Amer Hasan is chief executive of UK cab comparison service minicabit
In the seven years I have run minicabit, an online cab booking platform, there have been two Fridays in that time which were the most intense.
One was a few years ago when my (successful) pitch was filmed on the BBC’s Dragons’ Den, and the other was last week when Transport for London refused to renew Uber’s license to operate from the end of September.
I picked up a lot of noise about how TfL’s decision would damage London’s transport system (overlooking the century long availability of tubes, buses, taxis, riverboats and cycles) and that even minicabit, as the UK’s largest cab comparison website, should prepare for life after Uber in our London operation.
Both are not quite true and it’s important to view the broader context of TfL’s decision. This is especially important since, at over £9 billion, the UK is the largest cab market in the world per capita with London representing almost 40% of that.
Firstly, despite its slick technology and Silicon Valley ethos of seeking forgiveness rather than permission attracting $11.5 billion in funding, Uber in the UK essentially operates as a locally licensed private hire or ‘minicab’ firm, albeit a virtual one.
It functions alongside approximately 3,000 other private hire firms that already support over 70,000 drivers in London so it must face the same scrutiny to meet ‘fit and proper’ operating requirements that its rivals must adhere to.
It’s been argued that Uber has been allowed to follow its own rule set for too long and so this is TfL evidently showing its teeth as a regulator. No doubt Uber has to improve some of its practices and in addressing its internal turmoils this year, it will likely reset how it operates within local regulatory frameworks in future.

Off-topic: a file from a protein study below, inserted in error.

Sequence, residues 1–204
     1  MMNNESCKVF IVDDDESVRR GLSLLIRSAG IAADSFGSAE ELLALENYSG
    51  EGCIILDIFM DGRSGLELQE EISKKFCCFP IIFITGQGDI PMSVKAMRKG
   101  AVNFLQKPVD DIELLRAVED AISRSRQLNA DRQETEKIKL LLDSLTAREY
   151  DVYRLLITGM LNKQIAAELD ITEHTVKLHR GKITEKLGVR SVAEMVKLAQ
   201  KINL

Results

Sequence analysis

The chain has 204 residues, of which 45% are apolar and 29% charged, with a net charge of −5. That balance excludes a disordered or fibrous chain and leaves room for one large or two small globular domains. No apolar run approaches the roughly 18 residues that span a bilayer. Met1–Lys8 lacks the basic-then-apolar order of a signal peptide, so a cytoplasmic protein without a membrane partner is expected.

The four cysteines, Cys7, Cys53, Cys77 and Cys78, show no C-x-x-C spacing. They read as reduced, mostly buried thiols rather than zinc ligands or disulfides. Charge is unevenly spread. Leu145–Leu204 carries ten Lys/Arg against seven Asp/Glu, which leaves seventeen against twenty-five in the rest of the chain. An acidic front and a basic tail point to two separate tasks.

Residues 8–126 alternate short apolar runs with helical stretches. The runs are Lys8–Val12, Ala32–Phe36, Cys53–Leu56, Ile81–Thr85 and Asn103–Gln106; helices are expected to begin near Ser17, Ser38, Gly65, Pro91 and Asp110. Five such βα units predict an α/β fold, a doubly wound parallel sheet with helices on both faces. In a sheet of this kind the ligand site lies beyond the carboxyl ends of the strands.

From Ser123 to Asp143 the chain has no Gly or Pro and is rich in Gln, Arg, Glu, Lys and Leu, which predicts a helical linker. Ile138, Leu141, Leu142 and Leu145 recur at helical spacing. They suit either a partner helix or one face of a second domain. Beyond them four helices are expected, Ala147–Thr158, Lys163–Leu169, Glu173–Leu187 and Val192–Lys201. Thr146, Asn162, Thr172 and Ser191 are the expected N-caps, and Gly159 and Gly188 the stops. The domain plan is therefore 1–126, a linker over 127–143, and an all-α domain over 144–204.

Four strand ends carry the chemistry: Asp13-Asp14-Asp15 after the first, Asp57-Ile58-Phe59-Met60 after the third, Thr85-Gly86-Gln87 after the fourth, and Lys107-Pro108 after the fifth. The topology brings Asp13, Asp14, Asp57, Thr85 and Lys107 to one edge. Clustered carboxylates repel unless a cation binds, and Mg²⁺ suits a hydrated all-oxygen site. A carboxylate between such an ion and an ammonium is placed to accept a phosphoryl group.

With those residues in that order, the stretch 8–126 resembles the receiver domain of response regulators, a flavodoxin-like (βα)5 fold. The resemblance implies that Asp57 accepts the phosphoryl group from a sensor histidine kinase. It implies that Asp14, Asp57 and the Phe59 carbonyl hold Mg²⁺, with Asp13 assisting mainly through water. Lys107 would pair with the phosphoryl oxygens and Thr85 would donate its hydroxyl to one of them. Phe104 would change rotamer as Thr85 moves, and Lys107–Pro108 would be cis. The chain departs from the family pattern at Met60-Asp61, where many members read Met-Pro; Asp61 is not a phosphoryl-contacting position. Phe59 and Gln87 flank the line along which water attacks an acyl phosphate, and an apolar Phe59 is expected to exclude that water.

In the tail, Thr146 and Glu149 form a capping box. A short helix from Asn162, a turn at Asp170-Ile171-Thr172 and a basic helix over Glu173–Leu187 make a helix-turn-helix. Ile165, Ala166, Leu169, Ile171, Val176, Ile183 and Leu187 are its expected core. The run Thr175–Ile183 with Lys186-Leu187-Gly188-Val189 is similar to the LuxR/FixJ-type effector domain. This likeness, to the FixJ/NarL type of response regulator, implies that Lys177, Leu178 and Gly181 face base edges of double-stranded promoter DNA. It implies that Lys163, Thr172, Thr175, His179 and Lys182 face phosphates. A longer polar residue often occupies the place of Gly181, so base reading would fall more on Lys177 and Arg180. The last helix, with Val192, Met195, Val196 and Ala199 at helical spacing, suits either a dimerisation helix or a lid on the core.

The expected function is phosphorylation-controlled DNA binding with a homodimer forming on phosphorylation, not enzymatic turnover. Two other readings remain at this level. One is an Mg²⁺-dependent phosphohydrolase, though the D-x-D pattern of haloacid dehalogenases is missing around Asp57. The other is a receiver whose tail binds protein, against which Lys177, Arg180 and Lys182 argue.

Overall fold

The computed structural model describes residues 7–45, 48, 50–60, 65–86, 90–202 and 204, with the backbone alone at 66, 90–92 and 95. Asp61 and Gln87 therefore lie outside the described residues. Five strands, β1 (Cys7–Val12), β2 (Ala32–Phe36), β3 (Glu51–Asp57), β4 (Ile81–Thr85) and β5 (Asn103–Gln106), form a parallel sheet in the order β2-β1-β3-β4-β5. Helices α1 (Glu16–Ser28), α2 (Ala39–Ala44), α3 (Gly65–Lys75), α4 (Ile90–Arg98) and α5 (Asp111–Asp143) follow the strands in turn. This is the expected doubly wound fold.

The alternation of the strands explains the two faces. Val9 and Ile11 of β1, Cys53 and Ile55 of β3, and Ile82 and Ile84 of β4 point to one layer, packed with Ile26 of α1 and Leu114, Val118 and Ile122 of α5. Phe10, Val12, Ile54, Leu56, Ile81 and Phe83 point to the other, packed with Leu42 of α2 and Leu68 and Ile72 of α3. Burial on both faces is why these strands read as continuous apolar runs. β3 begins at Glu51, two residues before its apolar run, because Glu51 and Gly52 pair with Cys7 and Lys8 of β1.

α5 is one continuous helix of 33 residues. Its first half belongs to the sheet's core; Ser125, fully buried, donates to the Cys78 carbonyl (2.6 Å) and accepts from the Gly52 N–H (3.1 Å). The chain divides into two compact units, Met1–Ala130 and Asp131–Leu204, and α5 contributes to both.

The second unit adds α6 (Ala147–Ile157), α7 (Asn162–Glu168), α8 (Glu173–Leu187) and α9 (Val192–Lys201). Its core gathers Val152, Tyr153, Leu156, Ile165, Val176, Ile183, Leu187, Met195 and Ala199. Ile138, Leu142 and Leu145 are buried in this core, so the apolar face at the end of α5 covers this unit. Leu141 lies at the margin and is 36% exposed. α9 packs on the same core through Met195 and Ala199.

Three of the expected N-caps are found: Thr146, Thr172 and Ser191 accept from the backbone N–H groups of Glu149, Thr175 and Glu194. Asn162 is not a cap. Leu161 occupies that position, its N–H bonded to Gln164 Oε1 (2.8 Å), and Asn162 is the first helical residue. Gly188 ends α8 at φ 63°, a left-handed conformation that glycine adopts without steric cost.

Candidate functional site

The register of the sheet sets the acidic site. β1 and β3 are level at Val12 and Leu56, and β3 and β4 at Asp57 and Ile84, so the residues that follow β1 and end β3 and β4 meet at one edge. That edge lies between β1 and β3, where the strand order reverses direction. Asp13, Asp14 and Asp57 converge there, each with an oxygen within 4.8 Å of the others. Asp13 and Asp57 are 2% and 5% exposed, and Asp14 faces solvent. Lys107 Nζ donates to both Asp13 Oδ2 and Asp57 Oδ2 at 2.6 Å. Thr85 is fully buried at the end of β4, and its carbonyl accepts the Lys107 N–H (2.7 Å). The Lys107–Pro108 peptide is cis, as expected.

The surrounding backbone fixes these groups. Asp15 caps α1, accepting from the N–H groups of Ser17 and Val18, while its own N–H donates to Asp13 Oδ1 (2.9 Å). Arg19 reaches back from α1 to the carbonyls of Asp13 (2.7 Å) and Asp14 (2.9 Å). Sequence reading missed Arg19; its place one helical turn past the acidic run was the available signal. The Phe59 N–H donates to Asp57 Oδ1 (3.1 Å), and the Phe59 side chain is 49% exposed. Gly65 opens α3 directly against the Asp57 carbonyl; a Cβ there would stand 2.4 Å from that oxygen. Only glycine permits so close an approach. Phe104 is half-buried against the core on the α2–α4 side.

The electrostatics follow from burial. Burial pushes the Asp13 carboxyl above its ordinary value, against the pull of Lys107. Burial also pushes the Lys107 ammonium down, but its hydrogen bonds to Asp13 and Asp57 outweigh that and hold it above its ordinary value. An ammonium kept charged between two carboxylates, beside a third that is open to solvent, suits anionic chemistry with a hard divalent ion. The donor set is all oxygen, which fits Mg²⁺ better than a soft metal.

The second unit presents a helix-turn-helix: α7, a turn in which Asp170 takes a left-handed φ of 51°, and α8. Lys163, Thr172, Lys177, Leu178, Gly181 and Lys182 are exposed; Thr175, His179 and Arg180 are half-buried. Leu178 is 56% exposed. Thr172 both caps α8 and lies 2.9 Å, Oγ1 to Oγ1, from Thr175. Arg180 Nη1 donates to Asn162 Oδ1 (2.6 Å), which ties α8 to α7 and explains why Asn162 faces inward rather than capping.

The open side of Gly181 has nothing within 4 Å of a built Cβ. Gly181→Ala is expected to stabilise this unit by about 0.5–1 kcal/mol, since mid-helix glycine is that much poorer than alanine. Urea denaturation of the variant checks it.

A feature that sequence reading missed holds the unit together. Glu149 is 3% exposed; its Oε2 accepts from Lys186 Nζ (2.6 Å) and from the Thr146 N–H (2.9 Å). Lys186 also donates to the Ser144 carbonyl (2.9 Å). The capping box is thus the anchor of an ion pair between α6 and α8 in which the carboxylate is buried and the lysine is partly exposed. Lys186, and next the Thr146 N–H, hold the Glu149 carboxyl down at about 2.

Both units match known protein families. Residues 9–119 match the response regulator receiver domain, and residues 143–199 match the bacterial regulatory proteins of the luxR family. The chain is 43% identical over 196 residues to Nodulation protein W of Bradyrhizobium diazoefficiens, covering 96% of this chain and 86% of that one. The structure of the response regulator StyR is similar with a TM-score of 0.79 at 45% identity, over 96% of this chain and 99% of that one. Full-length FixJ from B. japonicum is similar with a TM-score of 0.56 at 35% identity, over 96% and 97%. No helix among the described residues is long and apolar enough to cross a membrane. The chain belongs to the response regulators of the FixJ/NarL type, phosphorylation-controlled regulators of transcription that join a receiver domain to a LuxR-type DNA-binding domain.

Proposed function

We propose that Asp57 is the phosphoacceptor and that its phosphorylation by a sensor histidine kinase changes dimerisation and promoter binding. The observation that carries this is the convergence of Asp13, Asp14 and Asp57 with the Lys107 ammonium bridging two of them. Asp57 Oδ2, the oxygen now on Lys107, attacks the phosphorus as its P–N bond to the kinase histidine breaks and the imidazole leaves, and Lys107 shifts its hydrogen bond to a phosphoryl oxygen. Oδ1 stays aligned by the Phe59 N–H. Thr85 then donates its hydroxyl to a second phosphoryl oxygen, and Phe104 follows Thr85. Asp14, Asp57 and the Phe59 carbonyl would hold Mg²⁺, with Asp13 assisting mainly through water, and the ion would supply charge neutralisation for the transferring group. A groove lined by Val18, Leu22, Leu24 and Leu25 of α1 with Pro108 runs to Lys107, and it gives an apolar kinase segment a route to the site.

The other perspective has been the public’s reaction – setting aside the ‘I told you so’s’ who’ve long viewed Uber’s presence with suspicion for various (often vested) reasons – an online petition protesting at TfL’s decision has gathered tens of thousands of signatures.
While Uber has a formidable lobbying machine that can effectively marshal such local campaigns, it is clear there is generally positive consumer support for Uber.
However, if one analyses the comments behind this support, a recurring theme is the fear that, without Uber, the clock will turn back with Londoners having to seek out cabs on the street or pay much higher fares and with cash.
This is no longer accurate – other online platforms are out there offering the ability to order London black taxis (which now take card payments and are shifting to zero emission vehicles) or, as with minicabit, find better prices from local, rated, private hire firms including for the suburban areas of Greater London that Uber doesn’t easily serve.
Indeed, minicabit powers the online cab booking platform for Heathrow Airport, London City Airport, Visit Britain and Ascot among many others, in a travel and leisure sector where websites would traditionally list phone numbers of local cab firms for customers to call up.
And so all these examples point to the positive of what the likes of Uber represent – progress in what has been a low tech, old school cab sector that has forced its legacy players to raise their game and enable online platforms like ours to flourish, to the benefit of the end customer.
I expect Uber and TfL to ultimately resolve their differences and the ban to be overturned. There are other potential icebergs that Uber could face down the line such as how its drivers are operating where they are not locally licensed, how some of their pricing is set at unsustainably subsidised levels, and how they could compete against multiple new entrants offering autonomous cab fleets. But that is all for another day.
Only 17% of the UK’s cab bookings are currently transacted online, even including Uber, and that is set to grow and grow.
Judging by the flood of applications last Friday to our network from London minicab firms, it is clear they do not want to be left behind. Perhaps addressing this is what TfL’s decision is ultimately driving at.